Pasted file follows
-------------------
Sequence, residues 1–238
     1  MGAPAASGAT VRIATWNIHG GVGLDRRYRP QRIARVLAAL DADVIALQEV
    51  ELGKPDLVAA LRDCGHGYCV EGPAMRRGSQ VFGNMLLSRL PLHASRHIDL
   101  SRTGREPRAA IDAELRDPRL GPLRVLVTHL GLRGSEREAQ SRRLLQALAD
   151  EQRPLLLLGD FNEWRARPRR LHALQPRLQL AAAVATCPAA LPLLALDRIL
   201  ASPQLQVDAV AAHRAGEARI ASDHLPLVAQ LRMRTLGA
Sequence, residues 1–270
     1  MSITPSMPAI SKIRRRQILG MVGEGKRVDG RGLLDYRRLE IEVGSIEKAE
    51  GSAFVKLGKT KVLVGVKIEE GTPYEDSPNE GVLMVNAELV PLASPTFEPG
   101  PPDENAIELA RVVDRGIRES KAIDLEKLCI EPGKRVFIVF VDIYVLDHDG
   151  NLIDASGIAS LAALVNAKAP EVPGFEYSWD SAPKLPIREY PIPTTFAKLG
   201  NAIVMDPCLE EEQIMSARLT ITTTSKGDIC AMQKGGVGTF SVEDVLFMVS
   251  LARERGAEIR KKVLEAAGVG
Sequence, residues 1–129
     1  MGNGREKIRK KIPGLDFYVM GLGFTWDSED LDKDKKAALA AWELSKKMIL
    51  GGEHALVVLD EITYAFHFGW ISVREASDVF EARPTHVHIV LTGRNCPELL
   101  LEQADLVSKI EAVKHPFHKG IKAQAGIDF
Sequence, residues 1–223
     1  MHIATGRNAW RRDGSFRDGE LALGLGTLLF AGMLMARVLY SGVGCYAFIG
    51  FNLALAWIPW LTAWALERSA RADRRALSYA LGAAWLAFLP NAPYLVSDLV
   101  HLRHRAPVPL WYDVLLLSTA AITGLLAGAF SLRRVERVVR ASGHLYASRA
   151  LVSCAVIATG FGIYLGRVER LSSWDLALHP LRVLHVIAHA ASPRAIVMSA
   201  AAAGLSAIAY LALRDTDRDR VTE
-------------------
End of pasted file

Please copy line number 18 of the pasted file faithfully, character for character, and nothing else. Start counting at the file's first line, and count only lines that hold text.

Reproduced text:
Sequence, residues 1–223